An Outdoor Adventurer’s Dream
West of Calgary on the Trans Canada Highway is an outdoor treasure trove of majestic mountains, scenic hiking trails and a modern, yet rustic, style of living.
Nestled under the watchful eye of the Three Sisters Mountain range, the town of Canmore is home to a population of 12,317 permanent and 5,982 non-permanent/second homeowners according to the Town’s website.
Named by Canada Pacific Railway employee, Donald A. Smith, Canmore has come a long way from its 1884 origins. The town would make its mark in the mining industry with Canmore Mines Ltd. before its closure in 1979. Canmore next made it’s mark on the map with the arrival of the 1988 Olympics in Calgary, with the small town playing host to the Olympics’ Nordic events.
Today Canmore is a bustling community full of veteran locals and young outdoor adventurers.
“It’s an interesting community to live in for sure,” said Hamish MacLean, editor of the Canmore Leader newspaper and three-year resident of the town. “It’s one that sort of seems to balance a number of different demographics…(for example) the old school locals who remember when the mines were open.
Another demographic MacLean mentioned is the 20-40 crowd, some just starting families, some single. “They’re very talented individuals who don’t necessarily spend all their time here but sort of become part of the community in their own way.”
An hour west of Calgary and 20 minutes east of Banff, Canmore is a veritable smorgasbord of outdoor opportunities for adventurers of all ages. In the summer there’s hikes mere minutes away and in the winter the Ski Big Three resorts of Sunshine Village Resort, Mt. Norquay and Lake Louise Ski Area and Mountain Resort are a quick trip down the Trans Canada Highway.
“I would say there’s a wide variety of things that go on but its very sort of outdoor culture,” MacLean said. “Getting outside is a big part of the lifestyle here for sure.”
While skiing and hiking and other outdoor events such as the Canmore Winter Festival are popular draws, Canmore is also a great musical venue according to MacLean.
“There are a couple of venues in town and in Banff that actually draw some credible music performances,” he said. “It sort of feels sometimes like it’s both a small town and really cosmopolitan, you have that mix.”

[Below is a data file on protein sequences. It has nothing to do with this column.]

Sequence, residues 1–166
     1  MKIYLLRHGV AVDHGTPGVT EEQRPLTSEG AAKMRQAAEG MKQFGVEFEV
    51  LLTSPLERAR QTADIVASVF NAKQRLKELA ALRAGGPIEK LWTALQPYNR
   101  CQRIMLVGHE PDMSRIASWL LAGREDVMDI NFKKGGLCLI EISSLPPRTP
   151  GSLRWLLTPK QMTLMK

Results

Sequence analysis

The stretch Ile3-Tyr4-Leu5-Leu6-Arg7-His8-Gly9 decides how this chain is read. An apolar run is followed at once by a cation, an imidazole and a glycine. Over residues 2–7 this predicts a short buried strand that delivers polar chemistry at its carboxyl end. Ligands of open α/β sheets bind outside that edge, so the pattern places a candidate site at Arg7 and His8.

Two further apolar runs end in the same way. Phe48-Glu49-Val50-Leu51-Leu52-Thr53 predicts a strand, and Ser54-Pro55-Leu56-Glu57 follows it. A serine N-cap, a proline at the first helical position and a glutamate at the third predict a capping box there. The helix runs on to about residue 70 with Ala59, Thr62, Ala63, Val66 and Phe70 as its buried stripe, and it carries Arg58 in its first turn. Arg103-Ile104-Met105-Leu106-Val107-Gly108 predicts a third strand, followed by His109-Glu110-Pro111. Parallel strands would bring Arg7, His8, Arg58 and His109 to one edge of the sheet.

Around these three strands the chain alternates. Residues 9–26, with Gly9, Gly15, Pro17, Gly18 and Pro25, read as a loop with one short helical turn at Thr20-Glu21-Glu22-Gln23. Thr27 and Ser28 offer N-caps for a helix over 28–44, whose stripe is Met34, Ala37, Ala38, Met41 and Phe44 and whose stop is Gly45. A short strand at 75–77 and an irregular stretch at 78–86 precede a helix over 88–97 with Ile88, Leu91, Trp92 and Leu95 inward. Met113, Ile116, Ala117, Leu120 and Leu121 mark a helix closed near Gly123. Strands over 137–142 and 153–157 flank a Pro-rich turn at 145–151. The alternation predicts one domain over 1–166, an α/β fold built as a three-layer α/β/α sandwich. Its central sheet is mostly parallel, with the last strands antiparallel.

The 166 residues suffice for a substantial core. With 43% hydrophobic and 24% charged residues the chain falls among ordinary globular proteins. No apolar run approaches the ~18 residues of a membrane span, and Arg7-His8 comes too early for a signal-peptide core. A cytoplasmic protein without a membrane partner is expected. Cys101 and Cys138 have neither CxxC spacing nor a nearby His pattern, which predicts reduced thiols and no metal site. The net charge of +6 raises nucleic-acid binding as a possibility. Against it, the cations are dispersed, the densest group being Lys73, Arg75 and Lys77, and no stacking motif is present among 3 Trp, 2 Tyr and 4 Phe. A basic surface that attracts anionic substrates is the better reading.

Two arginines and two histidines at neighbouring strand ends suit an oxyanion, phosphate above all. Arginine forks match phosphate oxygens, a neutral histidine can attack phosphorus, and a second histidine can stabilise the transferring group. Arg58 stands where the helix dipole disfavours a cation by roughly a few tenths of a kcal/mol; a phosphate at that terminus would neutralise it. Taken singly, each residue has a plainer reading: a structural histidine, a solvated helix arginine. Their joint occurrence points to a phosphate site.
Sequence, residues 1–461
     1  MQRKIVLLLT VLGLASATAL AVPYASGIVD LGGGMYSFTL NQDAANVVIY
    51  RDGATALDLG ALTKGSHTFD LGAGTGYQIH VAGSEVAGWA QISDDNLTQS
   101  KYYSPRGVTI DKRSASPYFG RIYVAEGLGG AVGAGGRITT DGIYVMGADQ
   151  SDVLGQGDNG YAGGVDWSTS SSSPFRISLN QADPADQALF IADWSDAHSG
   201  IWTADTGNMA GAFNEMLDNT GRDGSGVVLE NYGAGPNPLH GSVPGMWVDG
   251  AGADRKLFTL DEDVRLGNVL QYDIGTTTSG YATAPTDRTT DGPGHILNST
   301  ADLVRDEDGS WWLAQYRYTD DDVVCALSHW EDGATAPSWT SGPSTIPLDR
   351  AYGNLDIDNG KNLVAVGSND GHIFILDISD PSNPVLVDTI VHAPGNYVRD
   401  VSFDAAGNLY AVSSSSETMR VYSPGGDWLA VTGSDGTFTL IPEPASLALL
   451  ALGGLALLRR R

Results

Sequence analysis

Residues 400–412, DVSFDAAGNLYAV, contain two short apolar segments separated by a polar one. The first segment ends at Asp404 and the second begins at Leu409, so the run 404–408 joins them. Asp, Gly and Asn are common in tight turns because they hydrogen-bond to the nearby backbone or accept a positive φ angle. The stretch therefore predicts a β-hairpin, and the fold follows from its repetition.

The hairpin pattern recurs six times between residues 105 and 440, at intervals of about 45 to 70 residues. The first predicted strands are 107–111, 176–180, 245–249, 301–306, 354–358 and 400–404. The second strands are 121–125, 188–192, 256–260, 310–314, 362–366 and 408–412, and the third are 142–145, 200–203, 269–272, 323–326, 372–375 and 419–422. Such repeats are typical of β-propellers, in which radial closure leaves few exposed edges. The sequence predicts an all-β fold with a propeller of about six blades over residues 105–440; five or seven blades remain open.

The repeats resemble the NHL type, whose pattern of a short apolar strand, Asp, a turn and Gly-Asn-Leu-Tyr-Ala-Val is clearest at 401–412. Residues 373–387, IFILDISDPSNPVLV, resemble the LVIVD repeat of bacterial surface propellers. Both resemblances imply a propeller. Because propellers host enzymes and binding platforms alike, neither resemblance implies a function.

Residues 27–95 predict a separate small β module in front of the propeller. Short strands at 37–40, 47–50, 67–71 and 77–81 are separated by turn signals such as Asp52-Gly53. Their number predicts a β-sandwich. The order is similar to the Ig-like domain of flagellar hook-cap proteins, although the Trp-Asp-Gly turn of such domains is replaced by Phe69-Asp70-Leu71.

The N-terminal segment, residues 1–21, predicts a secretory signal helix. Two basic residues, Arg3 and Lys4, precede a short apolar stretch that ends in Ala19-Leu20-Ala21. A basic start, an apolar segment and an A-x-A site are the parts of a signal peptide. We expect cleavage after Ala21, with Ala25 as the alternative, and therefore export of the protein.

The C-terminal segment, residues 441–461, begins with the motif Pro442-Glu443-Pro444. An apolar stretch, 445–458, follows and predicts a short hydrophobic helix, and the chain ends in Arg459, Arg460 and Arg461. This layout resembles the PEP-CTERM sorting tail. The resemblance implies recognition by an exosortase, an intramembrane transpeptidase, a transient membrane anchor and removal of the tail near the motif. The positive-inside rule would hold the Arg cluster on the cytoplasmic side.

As far as homes in Canmore, 33.64 per cent of houses in the town are single-family, followed by 23.69 per cent in apartments and 20.39 per cent in townhouses of which 39.66 are owned, 25.71 per cent are non-permanent and 22.41 per cent are rented according to the Canmore Census 2011.
The census also covered employment in Canmore. The highest employment rate is in the accommodation and food sector at 17.14 per cent (more than likely stemming from the town’s popular tourism) followed by personal services, 11.77 per cent and construction at 10.16 per cent.
Canmore Nordic Centre
While the memories of the Olympic events held at the Canmore Nordic Centre may have faded, it has hardly diminished the appeal of the venue. Originally developed as a facility for the 1988 Winter Games, the centre is now host to a wide range of events and activities reflecting the very best that outdoor recreation in the Canadian Rockies has to offer. With more than 30 km of trails for biking and hiking in the summer and 65 km of groomed trails for cross-country skiing in the winter, the Nordic Centre has served as the training ground for Olympians like Chandra Crawford, Sara Renner and Beckie Scott.
A sure attraction for anyone choosing to call Canmore home is the close proximity of some of the country’s best skiing and snowboarding. Located less than 30 minutes away is Sunshine Village, home of the longest nonglacial ski season in Canada. Receiving up to nine metres of snow every year, the season can stretch from early November all the way to late May, culminating with the annual rite-of-spring known as the Slush Cup. With 3,300 acres of skiable terrain, there’s something for everyone – whether you’re a reluctant newbie or seasoned shredder.
The Canmore Multiplex
Scheduled to open this fall, the $39 million, 77,000 sq. ft. facility will eventually house an aquatics centre, climbing centre with 7,000 sq. ft. of climbing space and an 11,500 sq. ft. library – all right in the middle of downtown Canmore. Designed to offer “an inspiring gathering place that enriches the well-being, enjoyment and aspirations of the community,” the Multiplex will also feature local artwork in the form of an interior glass wall in the library. The commission for the wall is open to local artists, and closes on March 2.